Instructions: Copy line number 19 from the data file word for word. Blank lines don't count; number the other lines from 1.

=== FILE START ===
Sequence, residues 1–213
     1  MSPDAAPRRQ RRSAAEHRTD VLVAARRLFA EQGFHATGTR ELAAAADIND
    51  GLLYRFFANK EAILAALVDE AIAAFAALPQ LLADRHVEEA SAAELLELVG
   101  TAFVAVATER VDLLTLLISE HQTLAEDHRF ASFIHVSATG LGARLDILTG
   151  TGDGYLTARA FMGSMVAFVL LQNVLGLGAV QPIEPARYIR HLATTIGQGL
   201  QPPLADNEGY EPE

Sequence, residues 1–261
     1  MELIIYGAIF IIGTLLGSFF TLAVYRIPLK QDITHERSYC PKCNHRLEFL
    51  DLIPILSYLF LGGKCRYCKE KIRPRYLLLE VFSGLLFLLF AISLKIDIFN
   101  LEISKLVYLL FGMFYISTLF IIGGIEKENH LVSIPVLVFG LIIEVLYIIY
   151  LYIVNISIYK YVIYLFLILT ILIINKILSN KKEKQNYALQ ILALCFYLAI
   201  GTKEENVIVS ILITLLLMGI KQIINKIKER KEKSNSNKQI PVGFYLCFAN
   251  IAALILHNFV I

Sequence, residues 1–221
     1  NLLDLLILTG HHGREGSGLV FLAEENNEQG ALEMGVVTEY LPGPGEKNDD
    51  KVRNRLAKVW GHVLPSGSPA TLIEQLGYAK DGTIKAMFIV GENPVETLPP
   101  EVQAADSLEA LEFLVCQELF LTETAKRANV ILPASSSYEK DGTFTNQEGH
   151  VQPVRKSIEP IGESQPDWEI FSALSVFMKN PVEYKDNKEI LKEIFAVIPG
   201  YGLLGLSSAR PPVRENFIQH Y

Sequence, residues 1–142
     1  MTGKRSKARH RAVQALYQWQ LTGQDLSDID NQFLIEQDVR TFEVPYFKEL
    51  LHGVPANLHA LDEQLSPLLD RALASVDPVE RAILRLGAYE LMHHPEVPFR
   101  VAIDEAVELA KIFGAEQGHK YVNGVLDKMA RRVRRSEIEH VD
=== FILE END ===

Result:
   201  YGLLGLSSAR PPVRENFIQH Y